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February 13, 2020

BRT blunders

Editorial

 
February 13, 2020

The Bus Rapid Transit (BRT) project implemented by the PTI government in Peshawar appears far too often in the news – and not for anything positive. It has made headlines first for its changing timelines, and then for its apparent ill-planning and miscalculations on the part of its executors and managers alike. Now the auditor general's report has reportedly highlighted serious issues with the design and quality of the BRT. The report appears to be candid and straightforward in its approach to auditing such projects. Perhaps the most disturbing point raised by the report concerns its warnings about possible bus collisions and disruption of service. Now, this is a serious matter; for the sake of alacrity we cannot sacrifice the safety of commuters.

Any new initiative in transport must fulfil all requirements of passenger protection. The buses that are going to ply on the route are all long buses; the likes of which Peshawar has not seen yet. The buses will be 12 to 18 metres long and their driving and handling requires special arrangements and training for the staff. Second, the likelihood of disruption in service will cause tremendous anguish to the people who have long been waiting for the rout to open. Once operational, the buses will surely benefit passengers and facilitate quick transportation, but if the service is disrupted every now and then just because the right precautions were not taken beforehand it will cause more consternation than contentment among people. Then the bus stations are also reported to be flood prone, as was witnessed during the last rains. Many stations were flooded and newly constructed roofs started leaking. This shows poor quality control of construction design and material.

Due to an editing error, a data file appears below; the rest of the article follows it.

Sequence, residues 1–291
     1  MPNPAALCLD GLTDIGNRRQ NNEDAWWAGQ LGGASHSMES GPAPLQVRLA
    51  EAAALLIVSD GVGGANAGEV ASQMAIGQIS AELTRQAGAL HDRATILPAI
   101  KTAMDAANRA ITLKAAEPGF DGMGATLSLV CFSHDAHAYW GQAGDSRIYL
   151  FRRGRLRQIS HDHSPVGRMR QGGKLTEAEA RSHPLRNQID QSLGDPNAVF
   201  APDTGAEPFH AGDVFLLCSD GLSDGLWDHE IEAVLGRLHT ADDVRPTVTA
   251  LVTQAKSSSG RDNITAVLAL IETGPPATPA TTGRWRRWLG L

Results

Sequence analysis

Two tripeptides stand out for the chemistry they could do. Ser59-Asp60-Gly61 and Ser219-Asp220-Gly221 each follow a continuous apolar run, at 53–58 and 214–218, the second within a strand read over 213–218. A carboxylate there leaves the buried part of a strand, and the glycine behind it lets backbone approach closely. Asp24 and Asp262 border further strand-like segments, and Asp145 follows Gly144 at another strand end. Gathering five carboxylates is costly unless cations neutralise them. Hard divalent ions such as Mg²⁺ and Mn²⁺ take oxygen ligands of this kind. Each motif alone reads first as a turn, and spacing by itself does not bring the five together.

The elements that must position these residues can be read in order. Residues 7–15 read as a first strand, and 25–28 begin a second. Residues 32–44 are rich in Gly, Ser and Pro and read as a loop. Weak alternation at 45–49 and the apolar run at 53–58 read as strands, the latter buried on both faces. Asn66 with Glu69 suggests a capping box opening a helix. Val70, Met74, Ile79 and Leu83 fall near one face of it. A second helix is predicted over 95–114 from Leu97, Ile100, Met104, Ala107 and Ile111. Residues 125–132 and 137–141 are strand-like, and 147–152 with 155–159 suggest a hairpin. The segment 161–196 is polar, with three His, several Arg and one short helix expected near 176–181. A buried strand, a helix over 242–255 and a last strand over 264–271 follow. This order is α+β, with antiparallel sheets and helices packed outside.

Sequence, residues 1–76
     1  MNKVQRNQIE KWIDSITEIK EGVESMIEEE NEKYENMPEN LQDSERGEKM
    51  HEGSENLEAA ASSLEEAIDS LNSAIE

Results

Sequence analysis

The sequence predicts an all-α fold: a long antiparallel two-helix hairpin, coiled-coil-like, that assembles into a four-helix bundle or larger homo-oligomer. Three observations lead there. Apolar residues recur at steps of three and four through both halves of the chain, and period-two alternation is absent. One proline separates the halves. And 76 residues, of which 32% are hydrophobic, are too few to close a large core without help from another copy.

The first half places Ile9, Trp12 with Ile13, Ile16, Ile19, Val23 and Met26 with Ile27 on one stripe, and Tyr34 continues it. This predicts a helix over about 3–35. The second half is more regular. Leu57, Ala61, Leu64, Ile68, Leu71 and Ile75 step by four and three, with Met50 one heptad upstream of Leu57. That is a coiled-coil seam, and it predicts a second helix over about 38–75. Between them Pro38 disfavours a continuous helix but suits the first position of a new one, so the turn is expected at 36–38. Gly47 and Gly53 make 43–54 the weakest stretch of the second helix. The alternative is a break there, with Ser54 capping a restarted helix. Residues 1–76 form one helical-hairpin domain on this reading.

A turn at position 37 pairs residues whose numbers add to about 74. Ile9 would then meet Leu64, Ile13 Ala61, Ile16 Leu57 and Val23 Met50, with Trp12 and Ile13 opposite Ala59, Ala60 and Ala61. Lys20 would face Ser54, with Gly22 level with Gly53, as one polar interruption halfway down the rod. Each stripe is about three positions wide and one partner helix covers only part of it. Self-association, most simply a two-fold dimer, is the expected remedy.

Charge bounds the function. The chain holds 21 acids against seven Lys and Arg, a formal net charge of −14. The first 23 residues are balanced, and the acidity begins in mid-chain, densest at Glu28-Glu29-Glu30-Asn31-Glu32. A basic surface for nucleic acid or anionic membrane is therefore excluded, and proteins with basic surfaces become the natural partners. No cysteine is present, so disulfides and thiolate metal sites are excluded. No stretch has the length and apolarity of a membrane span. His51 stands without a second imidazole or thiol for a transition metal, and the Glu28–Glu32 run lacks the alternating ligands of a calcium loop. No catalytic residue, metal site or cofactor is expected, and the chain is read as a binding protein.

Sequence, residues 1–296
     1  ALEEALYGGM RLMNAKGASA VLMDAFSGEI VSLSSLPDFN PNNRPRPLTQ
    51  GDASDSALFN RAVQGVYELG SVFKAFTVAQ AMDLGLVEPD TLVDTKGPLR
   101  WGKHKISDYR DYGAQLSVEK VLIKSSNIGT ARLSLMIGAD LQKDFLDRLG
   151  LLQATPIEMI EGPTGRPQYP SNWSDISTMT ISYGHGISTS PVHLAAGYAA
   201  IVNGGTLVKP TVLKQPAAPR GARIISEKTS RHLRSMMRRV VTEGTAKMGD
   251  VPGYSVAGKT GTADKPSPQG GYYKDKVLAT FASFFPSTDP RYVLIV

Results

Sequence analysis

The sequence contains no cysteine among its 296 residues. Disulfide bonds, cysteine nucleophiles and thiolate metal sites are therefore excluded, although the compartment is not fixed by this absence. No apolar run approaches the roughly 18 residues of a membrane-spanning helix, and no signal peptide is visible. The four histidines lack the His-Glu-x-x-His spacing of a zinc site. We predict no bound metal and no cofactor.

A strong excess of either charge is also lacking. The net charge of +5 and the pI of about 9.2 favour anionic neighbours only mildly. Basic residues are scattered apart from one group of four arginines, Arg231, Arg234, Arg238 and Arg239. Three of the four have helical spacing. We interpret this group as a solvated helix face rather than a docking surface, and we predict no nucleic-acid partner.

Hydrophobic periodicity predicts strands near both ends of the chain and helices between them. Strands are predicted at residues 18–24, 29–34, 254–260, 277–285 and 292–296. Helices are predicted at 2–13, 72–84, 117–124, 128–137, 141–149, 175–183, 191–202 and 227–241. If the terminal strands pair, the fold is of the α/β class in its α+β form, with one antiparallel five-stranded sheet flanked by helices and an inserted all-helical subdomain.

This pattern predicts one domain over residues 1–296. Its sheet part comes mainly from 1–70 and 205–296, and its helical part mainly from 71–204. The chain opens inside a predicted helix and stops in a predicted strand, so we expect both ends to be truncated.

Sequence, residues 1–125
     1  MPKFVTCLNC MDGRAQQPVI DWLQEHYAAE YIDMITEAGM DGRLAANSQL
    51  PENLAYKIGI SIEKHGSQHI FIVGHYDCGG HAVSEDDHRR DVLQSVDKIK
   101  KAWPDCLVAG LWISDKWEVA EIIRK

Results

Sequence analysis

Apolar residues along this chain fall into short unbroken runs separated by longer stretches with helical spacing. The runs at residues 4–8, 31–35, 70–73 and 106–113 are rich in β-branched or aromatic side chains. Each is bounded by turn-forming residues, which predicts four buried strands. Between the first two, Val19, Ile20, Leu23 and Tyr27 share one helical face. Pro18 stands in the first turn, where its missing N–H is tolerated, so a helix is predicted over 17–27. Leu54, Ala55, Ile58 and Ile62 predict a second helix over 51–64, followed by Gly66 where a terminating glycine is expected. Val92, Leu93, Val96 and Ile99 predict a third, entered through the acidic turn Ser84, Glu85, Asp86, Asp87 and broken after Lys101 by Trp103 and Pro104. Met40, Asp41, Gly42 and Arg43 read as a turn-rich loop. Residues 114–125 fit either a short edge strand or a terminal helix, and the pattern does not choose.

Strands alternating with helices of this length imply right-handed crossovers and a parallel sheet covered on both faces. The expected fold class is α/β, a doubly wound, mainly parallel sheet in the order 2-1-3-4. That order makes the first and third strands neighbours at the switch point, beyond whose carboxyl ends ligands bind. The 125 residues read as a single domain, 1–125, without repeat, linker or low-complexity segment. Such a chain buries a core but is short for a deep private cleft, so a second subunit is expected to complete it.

Since thousands of commuters are likely to use this service, any negligence will cause a threat to the lives of unsuspecting passengers. Moreover, the tiles used in the stations are reported to be too slippery that may cause serious harm to commuters, especially to the elderly and women. Moreover, in the 21st century all new public constructions in the world are expected to comply with the protocols for people with special needs. And here we have a latest project without any consideration for differently-abled people. All this has not been highlighted by a hostile media or unsympathetic reviewers; these observations are given in an official report. The project that has gulped over Rs66 billion ought to have presented a better outcome. Since the project is still under construction, may we suggest that the provision of universal accessibility be made part of it; and all findings of the report be taken seriously and acted upon.